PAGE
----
The owl that dared

By Rowan Salim

It’s 8:30pm on a Monday evening and my WhatsApp pings. I receive this message from Sally:

For the treasure hunt: I was thinking of changing the ending of this Aesops fable so the grasshopper is grateful for a drink of wine and then leaves the owl to go to sleep.

There’s a link to the fable in question. I open it and read a story. It’s about a grumpy old owl who wants to sleep. He is bothered by a singing grasshopper who won’t leave him alone. So he flatters the grasshopper’s singing, inviting him into his den and proceeds to pounce on him and eat him. The moral is that one must not trust flattery.

I watched myself as my initial instinct was – wait – but we can’t change fables can we?

Let’s backtrack a litte. The treasure hunt was for a child, whose birthday it was. We have a tradition of having treasure hunts for children’s birthdays if they want one. This child is interested in owls and requested an owl themed treasure hunt. Sally has a lovely way of weaving stories into treasure hunts. The event took place at a time when as facilitators we were actively trying to understanding the dynamics within the group, as well as understanding how as a community we can respect each other’s needs while being able to meet our own needs. See my last blog post for a reflection on this. We were also (and still are!) working out how to support the development of a more considerate and kind culture.

I messaged back – yeah I like that ending better!

I’m sharing this story as a tribute to my co-facilitator whom I’ve been incredibly grateful to work with. Sally joined Free We Grow right from the start and from the beginning has employed a thoughtfulness, care and devotion which can only come from a deep belief in what she’s doing and love for the people with whom she’s working. I’ve experienced her kindness and patience, her impeccable organisational skills, her passion to learn new skills and share them with others, her creativity in finding solutions to complex questions and to speaking her mind once she’s had the time to really think things through. I’m grateful for having had the opportunity in the last two years to work, get to know and become friends with someone so brave as to question and reimagine the foundations of our relationships and our world, even if it means rewriting lore from millenia past.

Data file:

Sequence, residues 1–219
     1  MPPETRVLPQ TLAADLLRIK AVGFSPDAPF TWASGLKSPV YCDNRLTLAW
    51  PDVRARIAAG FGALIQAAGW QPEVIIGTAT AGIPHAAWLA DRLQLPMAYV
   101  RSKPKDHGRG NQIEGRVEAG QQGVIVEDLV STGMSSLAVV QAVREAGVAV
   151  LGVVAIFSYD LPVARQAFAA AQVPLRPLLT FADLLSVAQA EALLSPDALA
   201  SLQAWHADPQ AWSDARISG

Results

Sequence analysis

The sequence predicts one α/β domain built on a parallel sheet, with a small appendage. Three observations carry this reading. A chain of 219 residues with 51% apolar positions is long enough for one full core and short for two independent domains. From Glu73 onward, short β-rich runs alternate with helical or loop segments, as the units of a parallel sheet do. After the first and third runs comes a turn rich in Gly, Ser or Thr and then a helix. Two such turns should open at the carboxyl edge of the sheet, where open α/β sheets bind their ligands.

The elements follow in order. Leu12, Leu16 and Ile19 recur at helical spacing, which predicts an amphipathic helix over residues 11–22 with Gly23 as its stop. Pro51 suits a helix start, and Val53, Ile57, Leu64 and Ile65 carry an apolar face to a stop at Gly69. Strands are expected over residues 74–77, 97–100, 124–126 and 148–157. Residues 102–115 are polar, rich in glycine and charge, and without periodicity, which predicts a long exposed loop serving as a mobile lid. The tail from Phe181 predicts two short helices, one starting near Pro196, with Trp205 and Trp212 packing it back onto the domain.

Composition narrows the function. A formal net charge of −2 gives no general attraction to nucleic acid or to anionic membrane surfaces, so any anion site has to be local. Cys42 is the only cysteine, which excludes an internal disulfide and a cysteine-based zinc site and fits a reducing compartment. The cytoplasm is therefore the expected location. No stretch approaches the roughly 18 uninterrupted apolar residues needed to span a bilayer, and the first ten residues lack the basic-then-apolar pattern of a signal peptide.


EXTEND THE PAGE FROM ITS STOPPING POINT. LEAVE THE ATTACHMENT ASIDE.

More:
As I wrote this article, I did some further research and found that what we take for granted as wise old wisdom is just one way of seeing the world which has been propagated and promoted, one put together 2600 years ago by a Greek political satirist. Even the Victorians found some of the stories so crude that they had to water them down. I don’t know why I hesitated when Sally first told me what she planned to do. That’s a deep question around my own unlearning process. But I certainly don’t want to hesitate in the quest for a kinder and more just world – and I’d happily let Sally write that world’s fables any day.

Sally will be leaving Free We Grow in the summer and we’ll miss her dearly and wish her the very best for her next adventure!


Note from Sally
I’m not sure if I would change the ending of a fable again. It feels a lot like censorship, and I feel that children should have access to all the kinds of stories, no matter whether the message is ‘good’ or ‘bad’. If the themes are problematic or uncomfortable this can be a great opportunity to unpick the issue and develop a critical mind. I am flattered by Rowan’s kind words in this blog, and also trust that, unlike the owl, she’s not going to try to eat me… so that’s a plus.

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